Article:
HUTCHINSON:  They should.

O'REILLY:  But I don't think I'd go into a disrespectful venue as -- I just wouldn't do it.

HUTCHINSON:  OK, Bill, here's the problem with that.  In 2000, when then Governor Bush of the State of Texas -- conservative, Republican, many people knew what his philosophy was -- he still went and spoke to the NAACP.

O'REILLY:  But they weren't outright disrespectful.  Look, anybody that says.


O'REILLY:  . their idea of the Bush -- wait, wait, wait.  Anybody who says the Bush's administration's idea of equal rights is the American flag and a confederate swastika, come on, that's disrespectful.  That's one man.

HUTCHINSON:  OK, it's way over the top.


O'REILLY:  Wait, wait, wait.  Let Mr. Murdock jump in, and then we'll come back to you.

MURDOCK:  I think -- look, it's fine if the NAACP wants to say, look, we have a different view on taxes.  We're not for the war on Iraq.  They can disagree on it.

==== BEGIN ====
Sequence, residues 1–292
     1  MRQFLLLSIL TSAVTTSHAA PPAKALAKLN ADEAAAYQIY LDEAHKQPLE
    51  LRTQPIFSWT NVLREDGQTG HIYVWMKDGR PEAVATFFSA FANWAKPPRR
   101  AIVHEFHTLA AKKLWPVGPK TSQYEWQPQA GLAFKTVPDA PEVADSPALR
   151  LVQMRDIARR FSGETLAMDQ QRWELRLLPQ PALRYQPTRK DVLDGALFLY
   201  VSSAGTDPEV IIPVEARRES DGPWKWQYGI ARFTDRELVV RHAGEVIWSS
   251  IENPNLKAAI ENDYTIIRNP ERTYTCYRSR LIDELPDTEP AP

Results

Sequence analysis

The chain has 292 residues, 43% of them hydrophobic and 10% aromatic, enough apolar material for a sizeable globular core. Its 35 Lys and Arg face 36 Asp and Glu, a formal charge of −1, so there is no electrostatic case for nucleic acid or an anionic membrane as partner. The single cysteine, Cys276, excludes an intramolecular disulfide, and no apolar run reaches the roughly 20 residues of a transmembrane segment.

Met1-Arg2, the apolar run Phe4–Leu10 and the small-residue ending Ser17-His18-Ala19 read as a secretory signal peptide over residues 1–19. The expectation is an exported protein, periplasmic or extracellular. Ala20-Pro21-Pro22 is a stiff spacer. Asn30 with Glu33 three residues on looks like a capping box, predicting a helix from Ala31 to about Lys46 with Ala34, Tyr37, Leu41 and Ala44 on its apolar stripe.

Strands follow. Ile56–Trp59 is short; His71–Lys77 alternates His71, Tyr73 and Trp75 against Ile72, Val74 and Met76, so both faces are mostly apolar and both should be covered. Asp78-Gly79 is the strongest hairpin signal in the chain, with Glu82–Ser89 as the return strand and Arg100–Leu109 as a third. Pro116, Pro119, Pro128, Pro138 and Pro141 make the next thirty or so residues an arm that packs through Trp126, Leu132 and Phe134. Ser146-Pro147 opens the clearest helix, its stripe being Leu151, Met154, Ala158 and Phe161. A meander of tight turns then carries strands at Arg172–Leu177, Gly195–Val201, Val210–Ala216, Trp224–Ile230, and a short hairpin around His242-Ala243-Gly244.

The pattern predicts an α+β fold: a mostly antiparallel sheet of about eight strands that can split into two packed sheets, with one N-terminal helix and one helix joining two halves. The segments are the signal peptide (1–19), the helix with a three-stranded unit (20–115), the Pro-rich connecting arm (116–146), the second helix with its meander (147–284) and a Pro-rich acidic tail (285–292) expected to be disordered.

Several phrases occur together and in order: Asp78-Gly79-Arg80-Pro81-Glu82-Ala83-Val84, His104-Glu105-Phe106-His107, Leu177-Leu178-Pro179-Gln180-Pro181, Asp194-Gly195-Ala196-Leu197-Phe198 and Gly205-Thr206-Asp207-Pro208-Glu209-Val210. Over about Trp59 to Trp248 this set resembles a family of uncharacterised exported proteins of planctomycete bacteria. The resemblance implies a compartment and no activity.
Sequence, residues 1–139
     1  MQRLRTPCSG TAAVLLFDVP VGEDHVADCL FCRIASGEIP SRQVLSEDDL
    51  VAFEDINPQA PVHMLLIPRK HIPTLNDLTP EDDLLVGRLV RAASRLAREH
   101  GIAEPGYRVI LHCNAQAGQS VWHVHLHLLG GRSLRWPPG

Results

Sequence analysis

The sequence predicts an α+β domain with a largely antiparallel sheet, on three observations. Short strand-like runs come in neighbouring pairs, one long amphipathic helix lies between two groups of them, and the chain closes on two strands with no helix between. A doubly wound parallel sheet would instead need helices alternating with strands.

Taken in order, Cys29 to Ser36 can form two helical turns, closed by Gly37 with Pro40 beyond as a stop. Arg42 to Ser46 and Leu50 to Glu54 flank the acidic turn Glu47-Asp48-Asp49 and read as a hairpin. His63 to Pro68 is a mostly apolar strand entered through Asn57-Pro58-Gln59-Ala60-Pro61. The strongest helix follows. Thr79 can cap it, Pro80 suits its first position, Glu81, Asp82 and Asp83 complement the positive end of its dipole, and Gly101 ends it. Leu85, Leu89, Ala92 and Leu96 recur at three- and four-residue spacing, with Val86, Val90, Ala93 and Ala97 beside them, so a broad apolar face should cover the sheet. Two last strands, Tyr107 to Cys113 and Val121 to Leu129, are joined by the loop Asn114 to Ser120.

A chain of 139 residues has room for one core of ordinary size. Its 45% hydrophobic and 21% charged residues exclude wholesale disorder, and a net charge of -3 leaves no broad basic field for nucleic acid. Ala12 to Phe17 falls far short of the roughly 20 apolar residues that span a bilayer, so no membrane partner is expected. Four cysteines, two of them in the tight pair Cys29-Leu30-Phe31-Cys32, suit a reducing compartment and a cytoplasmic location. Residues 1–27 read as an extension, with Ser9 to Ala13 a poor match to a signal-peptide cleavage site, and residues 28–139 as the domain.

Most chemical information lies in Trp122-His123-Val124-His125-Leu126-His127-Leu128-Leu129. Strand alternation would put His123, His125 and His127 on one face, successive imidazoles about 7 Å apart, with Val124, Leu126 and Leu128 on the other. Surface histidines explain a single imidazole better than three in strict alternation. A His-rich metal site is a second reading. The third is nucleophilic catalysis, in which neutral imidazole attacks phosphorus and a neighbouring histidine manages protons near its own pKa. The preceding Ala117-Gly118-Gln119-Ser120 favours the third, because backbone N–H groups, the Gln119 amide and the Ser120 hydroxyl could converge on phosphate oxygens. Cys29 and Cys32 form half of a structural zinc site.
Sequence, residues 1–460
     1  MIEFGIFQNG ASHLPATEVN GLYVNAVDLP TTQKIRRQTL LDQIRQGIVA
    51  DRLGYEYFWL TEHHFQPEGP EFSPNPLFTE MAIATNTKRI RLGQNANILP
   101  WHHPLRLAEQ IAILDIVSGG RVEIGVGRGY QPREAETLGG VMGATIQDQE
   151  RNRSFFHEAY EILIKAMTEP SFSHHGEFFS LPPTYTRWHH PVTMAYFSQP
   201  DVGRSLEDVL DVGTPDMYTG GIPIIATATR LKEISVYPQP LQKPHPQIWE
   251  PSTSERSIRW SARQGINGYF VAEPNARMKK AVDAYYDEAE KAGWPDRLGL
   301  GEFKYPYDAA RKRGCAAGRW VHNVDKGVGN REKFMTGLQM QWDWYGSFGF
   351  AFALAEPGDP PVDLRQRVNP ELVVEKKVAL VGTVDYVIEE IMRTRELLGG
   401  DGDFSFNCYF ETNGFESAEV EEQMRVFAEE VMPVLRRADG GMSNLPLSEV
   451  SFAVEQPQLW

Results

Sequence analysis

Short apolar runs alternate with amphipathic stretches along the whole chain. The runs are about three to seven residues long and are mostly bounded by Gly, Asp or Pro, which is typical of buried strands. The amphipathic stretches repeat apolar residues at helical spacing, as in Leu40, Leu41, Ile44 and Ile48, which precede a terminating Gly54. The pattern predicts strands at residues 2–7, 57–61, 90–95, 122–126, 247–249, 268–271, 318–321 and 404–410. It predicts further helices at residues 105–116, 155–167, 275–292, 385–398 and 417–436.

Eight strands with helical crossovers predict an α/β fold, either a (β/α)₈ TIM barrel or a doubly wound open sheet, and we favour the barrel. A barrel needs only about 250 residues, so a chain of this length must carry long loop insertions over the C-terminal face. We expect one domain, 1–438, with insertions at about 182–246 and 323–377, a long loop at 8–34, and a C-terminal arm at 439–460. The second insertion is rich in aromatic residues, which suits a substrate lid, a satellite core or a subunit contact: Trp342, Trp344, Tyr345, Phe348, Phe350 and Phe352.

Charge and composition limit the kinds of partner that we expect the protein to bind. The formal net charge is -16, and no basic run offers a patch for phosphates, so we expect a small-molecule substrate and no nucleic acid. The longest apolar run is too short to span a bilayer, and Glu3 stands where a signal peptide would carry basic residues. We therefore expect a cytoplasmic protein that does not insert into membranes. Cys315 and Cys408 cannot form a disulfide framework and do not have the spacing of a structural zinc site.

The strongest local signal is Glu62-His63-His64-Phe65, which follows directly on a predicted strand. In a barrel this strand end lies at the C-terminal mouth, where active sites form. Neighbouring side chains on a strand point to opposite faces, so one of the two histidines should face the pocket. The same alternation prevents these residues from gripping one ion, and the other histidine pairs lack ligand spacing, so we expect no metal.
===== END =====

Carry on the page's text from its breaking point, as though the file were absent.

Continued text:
But there's absolutely no reason for them to say things like Kweisi Mfume said just last week that President Bush is someone who's interested again in bringing back the confederacy, bringing back Jim Crow segregation.

Now, you may disagree about Bush's policies.  He's not bringing back Jim Crow segregation.

O'REILLY:  No, he's not.

MURDOCK:  How can he say those kind of things and, again, expect Bush just to put his tail between his legs and.

O'REILLY:  Yes I think what it is -- I think that what it is, Mr. Hutchinson, is -- it's a matter of disorganization, the NAACP.  In my opinion, the opinion of Mr. Murdock, and I think the president as well, has become radicalized.  It does -- it's not a mainstream fair organization anymore.  It's a political arm of the Democratic party, which is OK.  But just admit it.